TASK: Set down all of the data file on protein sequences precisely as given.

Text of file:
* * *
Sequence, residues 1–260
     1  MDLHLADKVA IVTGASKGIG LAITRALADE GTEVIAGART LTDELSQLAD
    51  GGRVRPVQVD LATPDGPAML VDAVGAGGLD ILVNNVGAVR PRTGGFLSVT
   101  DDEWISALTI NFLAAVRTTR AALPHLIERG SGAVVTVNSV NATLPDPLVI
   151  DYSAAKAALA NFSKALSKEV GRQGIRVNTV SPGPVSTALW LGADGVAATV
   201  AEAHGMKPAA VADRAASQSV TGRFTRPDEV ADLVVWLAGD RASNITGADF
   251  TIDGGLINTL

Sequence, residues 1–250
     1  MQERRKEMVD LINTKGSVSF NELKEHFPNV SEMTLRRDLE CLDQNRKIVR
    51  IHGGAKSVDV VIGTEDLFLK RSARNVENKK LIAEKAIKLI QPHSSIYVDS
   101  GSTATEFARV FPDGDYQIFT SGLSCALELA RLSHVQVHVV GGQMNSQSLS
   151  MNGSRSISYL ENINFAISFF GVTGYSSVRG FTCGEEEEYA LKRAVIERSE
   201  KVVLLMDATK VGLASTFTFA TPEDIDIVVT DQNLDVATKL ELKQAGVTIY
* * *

Sequence, residues 1–260
     1  MDLHLADKVA IVTGASKGIG LAITRALADE GTEVIAGART LTDELSQLAD
    51  GGRVRPVQVD LATPDGPAML VDAVGAGGLD ILVNNVGAVR PRTGGFLSVT
   101  DDEWISALTI NFLAAVRTTR AALPHLIERG SGAVVTVNSV NATLPDPLVI
   151  DYSAAKAALA NFSKALSKEV GRQGIRVNTV SPGPVSTALW LGADGVAATV
   201  AEAHGMKPAA VADRAASQSV TGRFTRPDEV ADLVVWLAGD RASNITGADF
   251  TIDGGLINTL

Sequence, residues 1–250
     1  MQERRKEMVD LINTKGSVSF NELKEHFPNV SEMTLRRDLE CLDQNRKIVR
    51  IHGGAKSVDV VIGTEDLFLK RSARNVENKK LIAEKAIKLI QPHSSIYVDS
   101  GSTATEFARV FPDGDYQIFT SGLSCALELA RLSHVQVHVV GGQMNSQSLS
   151  MNGSRSISYL ENINFAISFF GVTGYSSVRG FTCGEEEEYA LKRAVIERSE
   201  KVVLLMDATK VGLASTFTFA TPEDIDIVVT DQNLDVATKL ELKQAGVTIY